Women’s rights under threat in parts of India
India is in the throes of a violent spasm of moral angst about the rights of women and ‘decadent’ western culture.
What began with a group of youths attacking young women drinking in a bar in Mangalore in the south has escalated into a full blown national convulsion with Ashok Gehlot, chief minister of Rajasthan, decrying pubs and bars and “the shopping mall culture where couples walk around hand in hand”.
Gehlot also said his government would have a strict liquor policy limiting the opening of bars and pubs, especially those near temples and parks.
But he sparked off a heated debate. The outcry from liberals and women’s groups forced Gehlot to backtrack.
“I can perform operations, fly a plane, go into space, and run multi-nationals but I can’t have a drink with a friend. This is about basic women’s rights, my right to decide how to live my life,” said New Delhi history student Pushpa Tiwari.
Television and newspapers are debating the definition of “pub culture”. Does it denote dancing, taking drugs, and promiscuity? Or does it simply mean relaxing with friends over a drink?
The current debate on “moral policing” symbolises a country in flux, struggling to hold on to tradition while embracing modernity and coping with lifestyles and social conduct that were unthinkable a generation ago.
Young Indian women embody the contradictions thrown up by this social churning. A television news channel spoke to several Mumbai women who vigorously defended their right to visit bars, wear jeans and skirts, and mix freely with men.
But they refused to speak on camera lest their parents see them. The clash between the ‘Old’ and the ‘New’ India was starkly highlighted in the reactions to a gang rape of a young woman last month.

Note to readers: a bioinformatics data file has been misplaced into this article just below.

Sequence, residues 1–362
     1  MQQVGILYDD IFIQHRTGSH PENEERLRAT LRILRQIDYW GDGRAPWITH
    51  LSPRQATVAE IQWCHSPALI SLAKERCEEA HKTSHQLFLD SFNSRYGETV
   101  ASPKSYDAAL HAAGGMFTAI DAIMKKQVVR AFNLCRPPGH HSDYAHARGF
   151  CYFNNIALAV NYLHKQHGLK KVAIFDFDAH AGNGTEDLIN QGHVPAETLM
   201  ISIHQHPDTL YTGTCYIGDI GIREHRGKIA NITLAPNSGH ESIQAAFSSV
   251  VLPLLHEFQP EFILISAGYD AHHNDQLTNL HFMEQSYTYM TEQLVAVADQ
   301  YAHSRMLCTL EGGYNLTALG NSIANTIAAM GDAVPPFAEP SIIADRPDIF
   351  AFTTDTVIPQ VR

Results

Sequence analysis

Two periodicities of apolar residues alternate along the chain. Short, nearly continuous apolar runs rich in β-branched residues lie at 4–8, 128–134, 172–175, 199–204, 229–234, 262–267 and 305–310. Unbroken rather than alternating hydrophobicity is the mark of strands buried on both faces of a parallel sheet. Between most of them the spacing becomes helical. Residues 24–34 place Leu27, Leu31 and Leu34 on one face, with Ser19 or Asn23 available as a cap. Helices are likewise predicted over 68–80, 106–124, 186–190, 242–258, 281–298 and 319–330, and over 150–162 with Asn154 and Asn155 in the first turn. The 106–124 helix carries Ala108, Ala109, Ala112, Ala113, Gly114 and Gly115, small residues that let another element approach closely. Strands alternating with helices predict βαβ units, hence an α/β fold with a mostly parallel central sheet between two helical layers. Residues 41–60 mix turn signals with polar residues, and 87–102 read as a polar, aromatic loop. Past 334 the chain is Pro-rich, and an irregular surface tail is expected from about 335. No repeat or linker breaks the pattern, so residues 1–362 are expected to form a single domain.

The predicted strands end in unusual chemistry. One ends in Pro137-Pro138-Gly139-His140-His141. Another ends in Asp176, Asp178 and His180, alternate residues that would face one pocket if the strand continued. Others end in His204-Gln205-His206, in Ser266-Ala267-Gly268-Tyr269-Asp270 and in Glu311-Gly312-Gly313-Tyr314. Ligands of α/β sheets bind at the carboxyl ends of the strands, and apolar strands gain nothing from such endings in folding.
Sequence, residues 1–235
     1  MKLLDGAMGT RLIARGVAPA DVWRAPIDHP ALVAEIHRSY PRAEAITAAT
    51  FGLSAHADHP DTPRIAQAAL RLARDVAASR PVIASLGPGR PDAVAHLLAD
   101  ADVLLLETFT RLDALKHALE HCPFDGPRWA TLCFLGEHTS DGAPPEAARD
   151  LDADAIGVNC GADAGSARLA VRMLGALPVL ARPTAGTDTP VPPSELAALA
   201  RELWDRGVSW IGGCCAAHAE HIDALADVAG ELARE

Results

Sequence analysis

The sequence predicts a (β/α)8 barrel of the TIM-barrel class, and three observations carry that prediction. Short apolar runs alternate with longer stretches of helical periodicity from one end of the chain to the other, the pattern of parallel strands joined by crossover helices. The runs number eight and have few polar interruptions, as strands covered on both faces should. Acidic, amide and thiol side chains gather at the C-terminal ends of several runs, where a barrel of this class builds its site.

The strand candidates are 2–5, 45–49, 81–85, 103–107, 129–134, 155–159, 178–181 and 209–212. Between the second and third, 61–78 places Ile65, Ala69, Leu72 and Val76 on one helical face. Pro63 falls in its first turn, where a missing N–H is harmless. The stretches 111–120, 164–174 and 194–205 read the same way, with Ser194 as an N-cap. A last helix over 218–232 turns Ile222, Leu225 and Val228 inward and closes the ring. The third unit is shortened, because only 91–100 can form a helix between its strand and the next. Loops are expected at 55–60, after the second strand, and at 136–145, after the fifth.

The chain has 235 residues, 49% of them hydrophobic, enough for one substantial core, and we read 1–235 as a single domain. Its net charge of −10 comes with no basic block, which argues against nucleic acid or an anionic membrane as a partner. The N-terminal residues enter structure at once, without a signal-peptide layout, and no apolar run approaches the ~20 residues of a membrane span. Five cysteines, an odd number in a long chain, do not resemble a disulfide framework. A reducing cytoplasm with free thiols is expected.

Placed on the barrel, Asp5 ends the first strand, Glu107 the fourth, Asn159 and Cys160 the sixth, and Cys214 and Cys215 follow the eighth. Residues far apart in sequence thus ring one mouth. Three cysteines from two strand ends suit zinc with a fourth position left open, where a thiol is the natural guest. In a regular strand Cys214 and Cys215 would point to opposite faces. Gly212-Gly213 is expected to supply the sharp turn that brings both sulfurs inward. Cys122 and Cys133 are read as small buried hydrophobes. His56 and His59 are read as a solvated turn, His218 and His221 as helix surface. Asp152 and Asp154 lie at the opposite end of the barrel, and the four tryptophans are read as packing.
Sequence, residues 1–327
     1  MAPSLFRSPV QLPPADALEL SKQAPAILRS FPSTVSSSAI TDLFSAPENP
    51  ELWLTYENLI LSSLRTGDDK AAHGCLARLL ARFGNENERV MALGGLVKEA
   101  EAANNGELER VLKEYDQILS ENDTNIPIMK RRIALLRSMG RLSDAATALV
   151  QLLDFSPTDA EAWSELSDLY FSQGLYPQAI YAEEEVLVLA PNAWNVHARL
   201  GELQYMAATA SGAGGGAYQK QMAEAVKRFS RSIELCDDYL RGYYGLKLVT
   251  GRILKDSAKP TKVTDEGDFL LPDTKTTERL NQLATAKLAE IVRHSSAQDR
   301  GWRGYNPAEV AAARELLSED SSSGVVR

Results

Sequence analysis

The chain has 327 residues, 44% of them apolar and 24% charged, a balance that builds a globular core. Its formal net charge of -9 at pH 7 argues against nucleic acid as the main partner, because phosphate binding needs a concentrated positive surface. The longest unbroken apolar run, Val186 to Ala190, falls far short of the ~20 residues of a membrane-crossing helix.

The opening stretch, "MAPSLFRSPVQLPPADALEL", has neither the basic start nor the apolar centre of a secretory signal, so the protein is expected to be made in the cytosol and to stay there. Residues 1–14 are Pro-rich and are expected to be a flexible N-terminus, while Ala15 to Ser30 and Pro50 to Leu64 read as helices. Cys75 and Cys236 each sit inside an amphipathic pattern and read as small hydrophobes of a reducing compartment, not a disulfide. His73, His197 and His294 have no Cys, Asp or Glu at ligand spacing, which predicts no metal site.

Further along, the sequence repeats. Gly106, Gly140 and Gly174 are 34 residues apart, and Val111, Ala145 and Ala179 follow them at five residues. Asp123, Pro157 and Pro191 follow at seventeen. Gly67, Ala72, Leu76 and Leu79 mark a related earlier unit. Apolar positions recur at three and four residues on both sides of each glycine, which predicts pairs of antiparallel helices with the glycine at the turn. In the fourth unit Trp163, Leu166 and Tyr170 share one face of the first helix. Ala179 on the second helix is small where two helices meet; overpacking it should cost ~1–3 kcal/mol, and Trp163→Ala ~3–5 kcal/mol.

The attack happened as the woman sat in a parked car with her boyfriend in Noida, just outside Delhi.
While ‘new’ India was horrified at the rape, the nearby village, on the outskirts of Noida, where the alleged rapists lived, defended their ‘boys’.
Any woman found sitting in a car with a man who was unrelated to her was asking for trouble, they told reporters.
Yet, on occasion, the ambiguities of this rapid social change also creates grey areas where the opposing camps meet. For example, Gehlot has shut down 800 liquor shops saying women need to be protected against violent drunken men.
This enjoys the support of some women’s groups. “We see the family misery caused by poor men squandering their income on alcohol while their wives and children go hungry,” said Karima Singh, a women’s activist in Jaipur, Rajasthan.
“Liquor shops are opening next to villages so that men can buy a bottle on their way home.”
Popular with foreign tourists, Rajasthan has acted in the past against ‘PDA’ (Public Displays of Affection) to avoid conflict between foreigners and local people.
Prompted by a Finnish woman swimming naked in a sacred lake at Pushkar, the state government issued a list of do’s and don’ts for foreigners.